One of the obstacles to progress in digital is the limitations placed upon us by the tools available to users – the browsers and devices. In a perfect world all devices and browsers would use the same code base. We could write some code and we would know that every device and browser would treat it in exactly the same way. But of course we don’t live in a perfect world, instead each developer of a browser or device treats code slightly differently and this adds overheads to projects because we then have to text against each of these. This is why standards like HTML5 and CSS3 are introduced, they are supported across the board (by all the major browsers). But the other problem we have is with legacy versions of browsers. Unfortunately older versions of browsers don’t support newer versions of code, which leaves us with two choices when developing new things:
- Use older technologies which limit creativity and make it harder to achieve a good result
- Build something that has a ‘graceful fallback’ for browsers that are older
The problem with the above is you have to make a compromise either way, option 1 limits the experience and option 2 adds budget and testing. Of course the 3rd option is to ignore older browsers…which may or may not be at your own peril.
So the online world is frustrating for developers, to say the least. But one particular browser has traditionally caused a lot more problems…and for each generation there is a new version to cause issues. Of course I speak of Internet Explorer, a browser that has become synonymous with cursing developers and irritated clients, inflated budgets and frustrating user experiences. When I first started out in digital the real problem was IE6, which at the time was still used by a lot of bigger organisations despite the fact IE8 was out. Thankfully this relic browser was retired a few years ago but with the emergence of HTML5 and CSS3 IE7 then became the new 6.
A couple of years ago an Australian shopping site got so fed up with the overheads imposed by Microsoft’s browser that they decided to impose a tax on users of the older IE7 browser unless they switched to another browser. Obviously Microsoft weren’t impressed, but maybe they should have taken note of the reasons behind the move.
One of the reasons this has occurred is no doubt that for years Microsoft had an unchallenged share in the market. Pretty much every PC in the world came with Windows and IE installed and for the most part people didn’t know there were alternatives. For Microsoft’s part, they have time and time again chosen to interpret the standards differently to the other browsers, causing issues for developers and bad experiences for users. An example is their interpretation of multiple file uploads. Most browsers would allow you to hold down Ctrl and multi-select files by clicking on them. Microsoft decided, in their infinite wisdom, that in IE you would have to select a file, add it to the queue, then go back and browser for another file, add it, and so on. A ridiculous experience.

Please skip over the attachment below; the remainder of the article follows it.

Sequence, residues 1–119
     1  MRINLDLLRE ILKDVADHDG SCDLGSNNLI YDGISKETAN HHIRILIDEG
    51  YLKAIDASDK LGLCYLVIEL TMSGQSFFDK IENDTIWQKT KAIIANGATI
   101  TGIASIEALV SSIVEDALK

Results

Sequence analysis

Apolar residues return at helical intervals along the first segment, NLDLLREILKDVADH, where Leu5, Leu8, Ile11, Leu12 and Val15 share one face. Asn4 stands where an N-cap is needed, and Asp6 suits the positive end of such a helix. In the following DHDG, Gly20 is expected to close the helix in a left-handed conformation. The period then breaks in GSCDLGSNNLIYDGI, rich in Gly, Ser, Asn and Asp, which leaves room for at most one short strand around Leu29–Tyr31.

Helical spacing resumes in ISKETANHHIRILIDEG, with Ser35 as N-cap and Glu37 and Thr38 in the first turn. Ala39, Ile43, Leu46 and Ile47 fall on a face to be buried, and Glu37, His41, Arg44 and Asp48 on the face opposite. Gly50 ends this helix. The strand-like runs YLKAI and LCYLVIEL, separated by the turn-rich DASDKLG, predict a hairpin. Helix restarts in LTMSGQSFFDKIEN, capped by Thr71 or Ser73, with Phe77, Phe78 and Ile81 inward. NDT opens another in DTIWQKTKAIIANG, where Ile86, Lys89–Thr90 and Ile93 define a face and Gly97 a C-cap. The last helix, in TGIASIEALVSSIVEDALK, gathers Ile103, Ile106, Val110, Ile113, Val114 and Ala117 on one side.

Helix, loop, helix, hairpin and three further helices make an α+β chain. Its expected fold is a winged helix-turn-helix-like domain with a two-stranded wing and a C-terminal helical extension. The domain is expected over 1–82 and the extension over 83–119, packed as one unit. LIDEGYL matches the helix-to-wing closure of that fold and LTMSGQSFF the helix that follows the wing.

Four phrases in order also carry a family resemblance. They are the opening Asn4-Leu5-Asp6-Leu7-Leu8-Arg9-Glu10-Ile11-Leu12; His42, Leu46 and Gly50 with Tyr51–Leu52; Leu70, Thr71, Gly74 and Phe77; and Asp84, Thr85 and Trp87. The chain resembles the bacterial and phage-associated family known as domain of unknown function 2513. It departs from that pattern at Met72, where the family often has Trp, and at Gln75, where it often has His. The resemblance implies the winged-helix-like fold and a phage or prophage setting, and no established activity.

Microsoft’s perceived arrogance in this area is being tested now. They continue to make the same mistakes and cause the same problems as they always have done, but they are being forced to change. One of the reasons for this is that IE no longer has a vast majority stake in the browsing market. Gone are the days of dominance, now Firefox and Chrome has made massive advances and on MAC no one would contemplate using IE anyway…lest their MAC would literally shut itself down out of embarrassment. The other reason is that users are becoming more savvy. Users realise that IE isn’t a very good experience when compared to other browsers and so make a choice not to use them. Of course, the growth in the use of devices that don’t have IE as their browser has also helped here. Hopefully Microsoft will take further note and try to converge rather than diverge and let us develop better experiences more easily and cheaply than they currently do.
But a word of warning to finish with. For years Microsoft created a rod for it own back by choosing not to go with the flow and insist on their own proprietary way of doing things. Sound familiar Apple? Already in development we are seeing issues arising that are not seen in other browsers. For example, the way Safari deals with PDF downloads can cause issues without the right plugins. Apple only accept their own formats of certain file types as well. And of course, they are renowned as a company a company that rejects all other tech except their own.
Of course it is unlikely their will ever been a completely unified approach to code and with more and more devices being used this is only going to get worse. Luckily they mostly stick to the standards, but there will always be problems that we need to solve as developers and that is why the job isn’t easy!